Weather was really warm yesterday, so we ended up discussing melting ice cream. It is a bit paradoxical that the warmer it is, the more ice cream is desired but also the faster it melts and disappears. Anxiety all over the place! Who wants half of their delicous Wandering Hermine (our top hit with mascarpone, lavender and honey) to land on the floor!?
We haven't made up our minds yet, but we feel the excitment wouldn't be the same if your ice cream doesn't change for an hour. Imagine how all of a sudden people start taking their ice creams for granted. Blasphemy!
Let's see how ice cream actually melts. Ice cream has a lot of water - either from the milk - milk is about 87% water, or from the water in sorbets.
All ice cream in the world has to have sugar as well - it prevents all this water from freezing - sugar molecules prevent water molecules from binding together and form a solid ice block.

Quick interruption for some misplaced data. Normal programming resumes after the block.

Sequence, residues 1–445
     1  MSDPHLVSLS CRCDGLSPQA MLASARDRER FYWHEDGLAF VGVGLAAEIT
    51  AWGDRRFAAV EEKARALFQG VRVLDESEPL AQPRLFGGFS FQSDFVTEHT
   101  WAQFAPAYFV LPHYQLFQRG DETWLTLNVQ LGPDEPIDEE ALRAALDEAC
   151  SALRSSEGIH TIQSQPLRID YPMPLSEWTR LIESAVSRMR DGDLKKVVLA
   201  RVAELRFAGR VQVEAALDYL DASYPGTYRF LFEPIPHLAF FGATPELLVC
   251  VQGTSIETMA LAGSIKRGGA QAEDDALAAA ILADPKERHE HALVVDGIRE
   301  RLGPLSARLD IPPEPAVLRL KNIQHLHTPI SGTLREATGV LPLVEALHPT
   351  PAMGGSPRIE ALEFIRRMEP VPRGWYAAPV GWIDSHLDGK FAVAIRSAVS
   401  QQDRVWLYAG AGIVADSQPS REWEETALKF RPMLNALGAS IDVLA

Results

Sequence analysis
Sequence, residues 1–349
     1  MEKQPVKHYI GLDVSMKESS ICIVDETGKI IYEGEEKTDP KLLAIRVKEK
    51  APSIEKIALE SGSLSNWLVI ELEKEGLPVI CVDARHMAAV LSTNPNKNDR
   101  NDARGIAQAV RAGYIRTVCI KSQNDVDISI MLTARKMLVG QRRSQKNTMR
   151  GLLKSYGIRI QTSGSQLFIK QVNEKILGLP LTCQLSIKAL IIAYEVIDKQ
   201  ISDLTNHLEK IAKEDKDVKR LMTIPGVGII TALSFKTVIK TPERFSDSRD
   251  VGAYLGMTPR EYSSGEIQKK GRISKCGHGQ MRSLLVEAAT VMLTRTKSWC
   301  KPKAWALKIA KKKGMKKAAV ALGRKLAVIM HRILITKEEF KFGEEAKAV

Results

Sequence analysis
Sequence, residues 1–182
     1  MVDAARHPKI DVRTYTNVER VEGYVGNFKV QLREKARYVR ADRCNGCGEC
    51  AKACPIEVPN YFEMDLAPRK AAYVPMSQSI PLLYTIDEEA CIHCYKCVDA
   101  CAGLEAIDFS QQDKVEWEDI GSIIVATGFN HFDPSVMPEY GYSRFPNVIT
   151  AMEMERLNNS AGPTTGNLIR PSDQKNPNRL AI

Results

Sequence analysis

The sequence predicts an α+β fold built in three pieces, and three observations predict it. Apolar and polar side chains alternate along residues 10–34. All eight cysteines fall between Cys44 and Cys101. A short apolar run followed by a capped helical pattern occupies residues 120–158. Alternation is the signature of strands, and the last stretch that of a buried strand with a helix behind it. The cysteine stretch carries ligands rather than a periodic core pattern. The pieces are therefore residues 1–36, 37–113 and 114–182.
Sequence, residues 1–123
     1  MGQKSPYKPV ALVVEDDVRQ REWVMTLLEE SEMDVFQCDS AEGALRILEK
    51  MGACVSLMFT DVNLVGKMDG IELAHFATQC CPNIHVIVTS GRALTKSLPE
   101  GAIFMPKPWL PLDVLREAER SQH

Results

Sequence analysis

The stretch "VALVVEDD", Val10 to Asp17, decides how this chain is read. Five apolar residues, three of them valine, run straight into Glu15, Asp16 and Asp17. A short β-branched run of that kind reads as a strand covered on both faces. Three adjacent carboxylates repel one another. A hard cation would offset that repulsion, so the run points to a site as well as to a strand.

Finally, fat encapsulates the water molecules and proteins help fats to keep their grip on water molecules for longer.
This is all great, but the moment ice cream is out of the freezer it is exposed to the environment and its energy (warmth) starts breaking all these bonds - protein can't help fat hold water molecules any longer and water starts doing its watery things.
In recent months there have been reports of at least three separate efforts to prevent or delay melting in ice cream. Japanese scientists in Kanazawa extracted polyphenols from strawberry which help proteins sustain the fat capsules around water molecules. Then scientists in the University of Edinburgh have discovered a naturally occuring protein (BsIA) that does similar job. And finally, Colombian researches together with a Canadian University have successfully appied banana microfibers, as reported by the American Chemical Society.
Hopefully at some point we will also be trying how all these things work. But for now we are staying with the excitment of will I make it quick enough to the cone!
For an illustration of the chemistry around melting, take one of our sorbets and a scoop of gelato, and compare the speed of melting of each. We love to talk about geeky stuff like this and look forward to hearing your thoughts - come over to chat at Van Hallstraat 222 in Amsterdam or send us an email, connect with us on Instagram, or Facebook.
Photo: © Ola Lanko